• The working capital or net working capital as a raw indicator of liquidity in absolute terms:
L5. (Net) Working Capital = Current Assets - Current Liabilities


Debt Ratios

  • inform about the capital structure (the mix of debt and equity financing) and the financial leverage and risk associated with it;
  • compare a company's financial resources from operations to its interest obligations (based on income (accruals) or based on cash);
  • in order to indicate the ability of a company to meet its debt obligations.
D1. Interest Coverage Ratio = Operating Income (or Accrual-based Times Interest Earned Ratio)
Interest Expense
D2. Debt-to-Equity Ratio = Total Liabilities
Total Equity
D3. Debt-to-Total Assets Ratio = Total Liabilities
Total Assets

Sometimes, cash-based forms of the coverage and long-term debt-to-equity or long-term debt-to-total assets ratios are used.


Asset Efficiency or Operating Ratios

  • measure the use of specific or total assets through a company
  • as length of time required for assets to be used or replaced.

Operating ratios assume that the higher the turnover ratios the more efficient the assets are used. They intend to provide information about specific management capabilities, e.g.

  • the credit policy and its credit-granting and credit-collecting activities
  • the inventory policy and the ability to forecast the needs of customers.

The denominator usually is formed as average of two subsequent balance accounts.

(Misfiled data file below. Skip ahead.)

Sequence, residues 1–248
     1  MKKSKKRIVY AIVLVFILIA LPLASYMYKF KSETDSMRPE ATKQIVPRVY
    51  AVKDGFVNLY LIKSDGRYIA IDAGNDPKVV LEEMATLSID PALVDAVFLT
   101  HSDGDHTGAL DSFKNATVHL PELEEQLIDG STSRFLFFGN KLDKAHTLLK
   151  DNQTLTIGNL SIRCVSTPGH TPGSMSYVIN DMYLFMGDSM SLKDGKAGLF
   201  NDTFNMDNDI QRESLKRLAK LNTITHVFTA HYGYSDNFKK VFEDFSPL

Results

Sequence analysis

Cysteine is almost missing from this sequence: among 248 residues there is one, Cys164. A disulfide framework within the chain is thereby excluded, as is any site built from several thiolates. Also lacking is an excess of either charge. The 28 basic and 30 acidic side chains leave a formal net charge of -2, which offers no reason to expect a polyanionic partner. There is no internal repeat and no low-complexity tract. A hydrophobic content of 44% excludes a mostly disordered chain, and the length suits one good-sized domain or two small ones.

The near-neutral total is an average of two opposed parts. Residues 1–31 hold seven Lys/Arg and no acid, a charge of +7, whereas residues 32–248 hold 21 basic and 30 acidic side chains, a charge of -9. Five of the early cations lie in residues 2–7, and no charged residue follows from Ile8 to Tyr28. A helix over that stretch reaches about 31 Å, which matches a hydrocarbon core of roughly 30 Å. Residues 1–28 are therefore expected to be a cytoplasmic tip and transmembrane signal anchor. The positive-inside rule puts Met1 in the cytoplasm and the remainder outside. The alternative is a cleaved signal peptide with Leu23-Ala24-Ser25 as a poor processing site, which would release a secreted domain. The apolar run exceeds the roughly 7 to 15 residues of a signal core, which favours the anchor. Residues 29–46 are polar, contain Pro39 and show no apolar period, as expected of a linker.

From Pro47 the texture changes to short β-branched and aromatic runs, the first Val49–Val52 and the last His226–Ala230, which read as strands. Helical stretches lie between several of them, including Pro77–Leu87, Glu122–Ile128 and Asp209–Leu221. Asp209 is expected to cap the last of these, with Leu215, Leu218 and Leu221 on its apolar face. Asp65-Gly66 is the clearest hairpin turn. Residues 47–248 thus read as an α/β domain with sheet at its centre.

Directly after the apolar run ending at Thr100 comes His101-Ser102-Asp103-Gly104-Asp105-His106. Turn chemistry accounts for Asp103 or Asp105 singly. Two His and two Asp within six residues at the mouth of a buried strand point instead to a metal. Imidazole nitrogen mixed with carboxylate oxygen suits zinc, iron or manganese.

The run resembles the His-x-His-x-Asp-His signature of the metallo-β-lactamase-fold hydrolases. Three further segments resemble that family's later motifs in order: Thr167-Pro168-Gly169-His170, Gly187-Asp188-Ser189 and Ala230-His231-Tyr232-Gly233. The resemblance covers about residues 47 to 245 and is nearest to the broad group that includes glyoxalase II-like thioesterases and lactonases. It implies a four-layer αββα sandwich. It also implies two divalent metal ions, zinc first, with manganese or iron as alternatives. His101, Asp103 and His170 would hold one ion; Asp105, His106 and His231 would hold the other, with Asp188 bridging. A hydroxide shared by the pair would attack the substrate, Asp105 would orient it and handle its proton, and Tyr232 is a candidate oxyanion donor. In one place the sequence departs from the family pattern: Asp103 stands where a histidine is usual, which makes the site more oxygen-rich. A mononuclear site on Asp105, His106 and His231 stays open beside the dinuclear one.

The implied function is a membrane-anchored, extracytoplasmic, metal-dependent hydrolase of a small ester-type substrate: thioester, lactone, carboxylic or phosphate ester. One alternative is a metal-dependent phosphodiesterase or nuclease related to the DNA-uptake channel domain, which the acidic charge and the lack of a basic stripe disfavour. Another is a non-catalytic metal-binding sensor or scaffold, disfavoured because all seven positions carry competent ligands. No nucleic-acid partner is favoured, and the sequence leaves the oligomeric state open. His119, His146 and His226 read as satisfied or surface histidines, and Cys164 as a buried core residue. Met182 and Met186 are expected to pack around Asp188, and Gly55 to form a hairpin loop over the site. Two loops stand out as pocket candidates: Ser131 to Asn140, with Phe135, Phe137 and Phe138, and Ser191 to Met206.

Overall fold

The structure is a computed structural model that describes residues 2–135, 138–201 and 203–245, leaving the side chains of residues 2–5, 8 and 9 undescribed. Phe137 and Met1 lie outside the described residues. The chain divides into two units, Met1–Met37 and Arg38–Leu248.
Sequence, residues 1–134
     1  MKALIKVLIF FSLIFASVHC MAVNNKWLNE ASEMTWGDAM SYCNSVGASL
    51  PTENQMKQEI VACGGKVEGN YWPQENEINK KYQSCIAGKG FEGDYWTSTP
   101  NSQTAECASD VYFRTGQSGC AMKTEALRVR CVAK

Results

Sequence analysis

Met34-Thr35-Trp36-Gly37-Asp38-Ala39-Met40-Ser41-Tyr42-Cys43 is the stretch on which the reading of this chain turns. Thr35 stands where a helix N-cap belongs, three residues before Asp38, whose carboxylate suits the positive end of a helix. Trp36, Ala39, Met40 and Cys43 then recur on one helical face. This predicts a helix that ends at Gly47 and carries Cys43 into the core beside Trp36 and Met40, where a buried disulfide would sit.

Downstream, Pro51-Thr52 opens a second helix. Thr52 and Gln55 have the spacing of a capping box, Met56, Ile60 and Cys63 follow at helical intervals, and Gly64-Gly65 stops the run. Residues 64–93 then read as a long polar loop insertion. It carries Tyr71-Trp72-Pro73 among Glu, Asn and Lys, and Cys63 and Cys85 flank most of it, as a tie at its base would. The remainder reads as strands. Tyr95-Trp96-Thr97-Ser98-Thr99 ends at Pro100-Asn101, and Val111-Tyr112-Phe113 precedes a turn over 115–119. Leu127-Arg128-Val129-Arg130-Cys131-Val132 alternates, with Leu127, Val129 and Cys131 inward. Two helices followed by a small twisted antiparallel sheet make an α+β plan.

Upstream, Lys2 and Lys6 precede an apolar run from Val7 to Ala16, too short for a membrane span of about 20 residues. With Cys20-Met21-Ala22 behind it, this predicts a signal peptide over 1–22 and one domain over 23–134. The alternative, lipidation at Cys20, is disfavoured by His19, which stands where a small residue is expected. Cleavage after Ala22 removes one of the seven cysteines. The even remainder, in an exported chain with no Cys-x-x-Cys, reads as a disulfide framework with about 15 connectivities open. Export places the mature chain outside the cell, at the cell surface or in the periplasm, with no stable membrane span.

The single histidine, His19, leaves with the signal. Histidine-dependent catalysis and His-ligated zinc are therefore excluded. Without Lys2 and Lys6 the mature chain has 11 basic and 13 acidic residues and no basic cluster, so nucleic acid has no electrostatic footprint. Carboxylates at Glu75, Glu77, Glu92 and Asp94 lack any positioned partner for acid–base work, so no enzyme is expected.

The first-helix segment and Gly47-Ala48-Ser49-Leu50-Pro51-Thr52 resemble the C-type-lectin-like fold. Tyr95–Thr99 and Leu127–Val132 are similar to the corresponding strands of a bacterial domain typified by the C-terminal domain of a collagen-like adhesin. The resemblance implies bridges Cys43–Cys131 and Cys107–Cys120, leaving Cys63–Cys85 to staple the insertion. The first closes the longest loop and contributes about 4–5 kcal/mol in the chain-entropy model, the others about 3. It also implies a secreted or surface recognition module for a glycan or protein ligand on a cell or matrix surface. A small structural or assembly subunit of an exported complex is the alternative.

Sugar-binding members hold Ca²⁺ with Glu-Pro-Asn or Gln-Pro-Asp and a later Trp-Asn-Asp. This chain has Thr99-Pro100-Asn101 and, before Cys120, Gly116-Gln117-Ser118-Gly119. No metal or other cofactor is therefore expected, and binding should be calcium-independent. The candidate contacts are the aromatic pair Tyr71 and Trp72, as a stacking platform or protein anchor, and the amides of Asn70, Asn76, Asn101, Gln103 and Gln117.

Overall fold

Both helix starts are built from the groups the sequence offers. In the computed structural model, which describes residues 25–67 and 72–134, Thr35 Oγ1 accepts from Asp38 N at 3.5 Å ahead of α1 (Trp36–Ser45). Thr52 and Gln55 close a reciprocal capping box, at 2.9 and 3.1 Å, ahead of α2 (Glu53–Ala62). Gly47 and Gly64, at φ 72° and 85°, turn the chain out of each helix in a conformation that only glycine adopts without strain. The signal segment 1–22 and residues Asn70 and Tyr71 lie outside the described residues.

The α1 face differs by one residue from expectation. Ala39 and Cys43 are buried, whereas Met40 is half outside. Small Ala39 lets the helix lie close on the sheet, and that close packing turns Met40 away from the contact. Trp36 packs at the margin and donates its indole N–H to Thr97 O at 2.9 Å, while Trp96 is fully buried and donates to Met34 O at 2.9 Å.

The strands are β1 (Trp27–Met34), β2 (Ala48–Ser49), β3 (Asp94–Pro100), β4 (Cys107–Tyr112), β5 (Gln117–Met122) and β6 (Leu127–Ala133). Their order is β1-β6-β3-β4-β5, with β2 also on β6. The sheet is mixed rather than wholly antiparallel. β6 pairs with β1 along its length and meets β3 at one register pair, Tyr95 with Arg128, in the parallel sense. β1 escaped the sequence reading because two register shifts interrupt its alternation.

O1. Accounts Receivable Turnover = Net Credit Sales or Net Sales
Account Receivables
O2. Inventory Turnover = Cost of Goods Sold
Inventory
O3. Asset Turnover = Net Sales
Total Assets


Profitability or Return Ratios

  • relate income to sales or assets
  • inform about the results achieved with sales or assets
  • inform about the results achieved with shareholders' equity.

As far as balance sheet accounts form the denominator, again an average of two points in time is often used.

P1. Operating Margin Percentage = Operating Income
Net Sales
P2. Return on Sales = Net Income
Net Sales
P3. Return on Assets = Net Income + Interest Expense
Total Assets
P4. Return on Equity = Net Income
Total Equity

A specific form of a profitability ratio is used in DuPont Analysis when the relate profitability is related to other ratios as critical success factors (profitability drivers).

P5. Return on Equity = Net Income × Net Sales × Total Assets
Net Sales Total Assets Total Equity


Stockholder Ratios

  • relate income to sales or assets
  • inform about the payout strategy
  • include market share price in the analysis.
S1. Earnings per Share (EPS) = Net Income
Number of Shares Outstanding
S2. Return on (Common) Equity = Net Income
(Common) Equity
S3. Dividend Yield = Dividends per (Common) Share
Market Price per Share
S4. Dividend Payout Ratio = Dividends Paid
Net Income
S5. Total Payout Ratio = Dividends + Stock Repurchases
Net Income


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see:
Kennzahlen
Accounting exercises
Financial Formulas
Troßmann/Baumeister/Werkmeister: Management-Fallstudien im Controlling. 2. Aufl., München 2008, Kapitel 3 (Kennzahlen)
Rich et al.: Cornerstones of Financial and Managerial Accounting. South-Western Cengage 2012.